Speak to your GP
NICE guidance states that if you are aged 65+ your healthcare professional should be routinely asking about falls, if you have fallen this could mean that you’re twice as likely to fall again. This year we've reached out to our healthcare professionals and are asking them to take 2 minutes to speak with you about your risk of a fall. Prevent a fall - Take action today Atal cwympiad - Gweithredwch heddiw is a conversation prompt for health professionals and is supported by a table of actions Take action today Gweithredwch heddiw
Why talk about falls?
It's a common misconception that falling is seen as an inevitable part of ageing, something to accept, something to fear and something to keep quiet about, but having a conversation can help to dispel this myth and guide you towards answers, solutions, freedom and independence.
So 'Let's talk about falls' - keep your conversations going. You can help to de-stigmatise falls, by talking openly about falls and putting your pride aside, you can help keep yourself and others independent, safe and well. A problem shared is a problem halved as they say!
There are many organisations and services that can support you with reducing your risk of a fall. Talking about even the ‘little’ falls - the 'just a stumble' that didn’t cause you a great deal of pain but more embarrassment - they're important too.
There's an underlying myth that falls are an inevitable part of growing older. The truth may surprise you. There are many things that, as you age could potentially increase your risk of a fall such as, changes to your eyesight, hearing, foot health (to name but a few), however your risk of a fall will decrease with some small and simple actions from yourself.
This page is simply about lifestyle choices to help you age well, after all, quality of life, living well and independently is something that we all strive for, all of which add to the prevention of falls. It's what we already know and have known for years.
Our publication Avoiding slips, trips and falls is widely used by Health Boards across Wales.
The booklet is split into two sections. The first section gives tips and advice on how to reduce the risk of falling at home, talking you through your home a room at a time. As many as 6/10 falls happen in the home, we want you to feel safe, comfortable and confident in your home, after all your home should be your castle and not your prison.
The second section is a self assessment form asking you about your general health and wellbeing. This will help you think about simple activities and interventions which can help you maintain your independence and reduce your risk of falling. Knowing the risk factors for falling puts you in a strong position to reduce your risk of a fall as there is often a simple solution.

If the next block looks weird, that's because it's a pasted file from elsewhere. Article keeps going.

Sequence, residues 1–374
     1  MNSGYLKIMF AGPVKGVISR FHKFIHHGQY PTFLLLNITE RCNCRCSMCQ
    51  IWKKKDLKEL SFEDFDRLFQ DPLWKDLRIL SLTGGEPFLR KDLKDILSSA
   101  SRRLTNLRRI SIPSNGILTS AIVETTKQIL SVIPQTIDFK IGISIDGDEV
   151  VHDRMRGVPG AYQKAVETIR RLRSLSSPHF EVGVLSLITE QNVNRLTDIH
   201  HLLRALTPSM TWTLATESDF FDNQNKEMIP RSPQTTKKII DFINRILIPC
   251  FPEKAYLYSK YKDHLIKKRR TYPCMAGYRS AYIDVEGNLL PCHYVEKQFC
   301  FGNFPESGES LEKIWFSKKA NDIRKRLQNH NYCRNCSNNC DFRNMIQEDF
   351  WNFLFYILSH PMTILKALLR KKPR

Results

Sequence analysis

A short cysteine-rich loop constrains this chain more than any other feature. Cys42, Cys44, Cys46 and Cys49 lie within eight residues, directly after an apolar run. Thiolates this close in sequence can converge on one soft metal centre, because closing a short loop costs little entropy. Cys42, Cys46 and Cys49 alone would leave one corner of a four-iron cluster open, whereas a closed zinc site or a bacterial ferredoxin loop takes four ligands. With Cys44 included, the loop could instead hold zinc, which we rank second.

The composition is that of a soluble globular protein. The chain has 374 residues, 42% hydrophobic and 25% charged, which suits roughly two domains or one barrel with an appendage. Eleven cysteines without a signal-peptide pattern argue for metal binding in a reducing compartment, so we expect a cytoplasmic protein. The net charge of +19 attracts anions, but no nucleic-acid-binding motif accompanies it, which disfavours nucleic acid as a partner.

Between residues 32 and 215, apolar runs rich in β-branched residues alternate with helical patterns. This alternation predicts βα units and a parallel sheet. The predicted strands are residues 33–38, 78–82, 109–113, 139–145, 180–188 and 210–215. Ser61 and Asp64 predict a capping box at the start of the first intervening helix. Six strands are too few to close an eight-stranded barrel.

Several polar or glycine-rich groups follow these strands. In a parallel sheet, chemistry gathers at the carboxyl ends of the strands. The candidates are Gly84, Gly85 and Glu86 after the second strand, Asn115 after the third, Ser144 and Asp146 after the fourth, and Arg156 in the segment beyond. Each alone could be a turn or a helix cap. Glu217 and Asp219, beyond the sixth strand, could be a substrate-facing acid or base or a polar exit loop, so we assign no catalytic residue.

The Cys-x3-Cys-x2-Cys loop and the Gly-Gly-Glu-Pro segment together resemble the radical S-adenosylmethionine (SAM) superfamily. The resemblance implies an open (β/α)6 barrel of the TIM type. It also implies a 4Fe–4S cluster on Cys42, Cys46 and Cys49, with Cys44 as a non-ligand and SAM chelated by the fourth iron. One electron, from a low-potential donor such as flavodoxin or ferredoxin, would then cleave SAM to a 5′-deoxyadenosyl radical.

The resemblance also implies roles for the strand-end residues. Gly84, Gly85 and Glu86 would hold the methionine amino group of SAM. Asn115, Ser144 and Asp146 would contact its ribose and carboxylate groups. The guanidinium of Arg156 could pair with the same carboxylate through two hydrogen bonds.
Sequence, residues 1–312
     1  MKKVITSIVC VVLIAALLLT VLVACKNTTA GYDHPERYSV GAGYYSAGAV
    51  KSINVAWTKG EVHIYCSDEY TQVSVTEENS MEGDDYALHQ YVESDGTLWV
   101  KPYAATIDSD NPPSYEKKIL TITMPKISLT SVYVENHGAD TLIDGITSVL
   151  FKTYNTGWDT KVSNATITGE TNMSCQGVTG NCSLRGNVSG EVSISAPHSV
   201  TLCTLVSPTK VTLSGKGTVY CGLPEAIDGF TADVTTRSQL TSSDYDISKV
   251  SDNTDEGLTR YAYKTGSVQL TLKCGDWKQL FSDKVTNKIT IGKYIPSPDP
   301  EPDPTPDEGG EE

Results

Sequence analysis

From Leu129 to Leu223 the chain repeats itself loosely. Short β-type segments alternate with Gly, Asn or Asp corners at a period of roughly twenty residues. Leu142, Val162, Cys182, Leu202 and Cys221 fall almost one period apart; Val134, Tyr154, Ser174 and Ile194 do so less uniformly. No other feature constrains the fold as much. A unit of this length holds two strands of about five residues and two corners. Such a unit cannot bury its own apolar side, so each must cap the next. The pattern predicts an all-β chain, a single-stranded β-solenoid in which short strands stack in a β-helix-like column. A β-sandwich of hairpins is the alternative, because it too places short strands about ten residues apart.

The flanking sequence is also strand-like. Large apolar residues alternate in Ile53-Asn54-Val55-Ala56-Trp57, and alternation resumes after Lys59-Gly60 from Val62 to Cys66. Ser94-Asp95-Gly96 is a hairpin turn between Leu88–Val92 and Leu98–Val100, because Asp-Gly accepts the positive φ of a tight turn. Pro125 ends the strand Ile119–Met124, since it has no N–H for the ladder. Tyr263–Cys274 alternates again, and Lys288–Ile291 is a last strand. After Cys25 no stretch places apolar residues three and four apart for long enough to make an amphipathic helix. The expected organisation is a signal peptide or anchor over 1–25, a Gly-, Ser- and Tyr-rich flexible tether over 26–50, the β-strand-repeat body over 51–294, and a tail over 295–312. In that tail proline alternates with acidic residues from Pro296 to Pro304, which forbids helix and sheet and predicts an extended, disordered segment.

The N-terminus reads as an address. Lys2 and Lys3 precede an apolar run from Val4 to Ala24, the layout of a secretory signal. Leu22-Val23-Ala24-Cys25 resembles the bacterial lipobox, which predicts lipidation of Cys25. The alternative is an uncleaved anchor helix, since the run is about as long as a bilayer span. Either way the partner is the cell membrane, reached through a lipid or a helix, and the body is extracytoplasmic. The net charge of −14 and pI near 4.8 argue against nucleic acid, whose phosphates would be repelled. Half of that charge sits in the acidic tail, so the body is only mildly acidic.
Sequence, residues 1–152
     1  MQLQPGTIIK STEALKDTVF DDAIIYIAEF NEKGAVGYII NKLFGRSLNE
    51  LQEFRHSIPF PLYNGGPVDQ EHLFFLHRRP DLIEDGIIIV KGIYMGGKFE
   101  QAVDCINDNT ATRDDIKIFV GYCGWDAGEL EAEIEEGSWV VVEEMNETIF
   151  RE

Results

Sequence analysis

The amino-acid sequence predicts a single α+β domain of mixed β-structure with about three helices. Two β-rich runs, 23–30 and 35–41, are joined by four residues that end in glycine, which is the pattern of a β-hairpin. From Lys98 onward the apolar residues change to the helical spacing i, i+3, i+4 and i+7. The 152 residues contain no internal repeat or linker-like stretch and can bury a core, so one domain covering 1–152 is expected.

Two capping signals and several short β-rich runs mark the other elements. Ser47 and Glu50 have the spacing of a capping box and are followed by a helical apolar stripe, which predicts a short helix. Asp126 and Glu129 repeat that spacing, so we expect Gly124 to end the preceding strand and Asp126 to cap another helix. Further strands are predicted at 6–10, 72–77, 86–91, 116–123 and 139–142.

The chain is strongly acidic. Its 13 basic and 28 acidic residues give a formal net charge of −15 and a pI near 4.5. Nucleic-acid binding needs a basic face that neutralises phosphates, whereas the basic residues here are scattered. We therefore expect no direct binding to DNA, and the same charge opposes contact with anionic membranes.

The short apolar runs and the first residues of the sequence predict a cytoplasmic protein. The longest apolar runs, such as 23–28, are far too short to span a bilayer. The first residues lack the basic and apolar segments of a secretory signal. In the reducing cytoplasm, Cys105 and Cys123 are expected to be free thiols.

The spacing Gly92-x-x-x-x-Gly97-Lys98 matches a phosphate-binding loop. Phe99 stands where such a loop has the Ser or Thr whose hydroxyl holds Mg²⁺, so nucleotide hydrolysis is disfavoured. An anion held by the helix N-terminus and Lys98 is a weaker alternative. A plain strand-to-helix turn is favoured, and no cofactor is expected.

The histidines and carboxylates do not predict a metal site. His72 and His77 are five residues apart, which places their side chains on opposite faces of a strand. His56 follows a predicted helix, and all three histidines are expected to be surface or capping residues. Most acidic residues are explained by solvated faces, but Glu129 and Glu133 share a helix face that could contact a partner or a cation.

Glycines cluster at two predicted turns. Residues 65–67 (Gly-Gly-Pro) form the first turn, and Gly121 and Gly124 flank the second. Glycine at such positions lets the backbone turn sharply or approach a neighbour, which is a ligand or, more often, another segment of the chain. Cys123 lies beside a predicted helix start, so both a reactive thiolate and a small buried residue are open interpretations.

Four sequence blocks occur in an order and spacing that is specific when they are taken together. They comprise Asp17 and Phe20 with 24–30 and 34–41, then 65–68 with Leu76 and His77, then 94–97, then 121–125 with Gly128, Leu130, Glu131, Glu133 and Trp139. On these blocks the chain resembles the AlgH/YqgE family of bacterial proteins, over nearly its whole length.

Exercise - Strength and balance
Starting at 30 years of age, our muscles can lose up to 8% of their strength each decade, by the time we reach 80 years of age we can potentially lose as much as 40% of our muscle strength. This is made worse by being too sedentary, sitting for too long could lead to muscle weakness and wastage of lower limbs and contribute to you being at an increased risk of having a fall. As the saying goes, ‘use it or lose it’. So get active during the day to keep those muscles working.
Exercises can and should be adapted to your capabilities and many exercises can be done in a seated or standing position. NHS Choices has some great variations.
If you can, take up a balance training class that includes exercises to strengthen the muscles of your legs and body this will keep you strong and staying steady on your feet.
Exercise doesn’t have to be something you dread. It’s not about donning the Lycra and entering into a costly contract for membership with your local gym. Make it something to look forward to and do something you enjoy. Exercise shouldn’t feel like physical punishment but it should leave you feeling accomplished, alive and relaxed, both physically and mentally. It's also a great way of connecting with others and forming new friendships. It could open a whole new world of possibilities.
Exercise with caution: If you are living with a chronic condition, have, or are recovering from an injury, operation, or medical procedure, taking multiple forms of medication, then seek advice from your clinical medical professional/healthcare professional before starting a new type of exercise or routine.
Don't let yourself run on empty - Check your fuel tank!
If you think of yourself as a car, your muscles as a fuel tank and exercise as 'fuel' ... you can't get from A to B without fuel in your tank! So, to reach your desired destination, you must top up your tank. Cardiff and Vale University Health Board have produced this ‘Falls prevention fuel tank: when did you last check yours?’ video with funding from Public Health Wales and Cardiff & Vale Health Charity.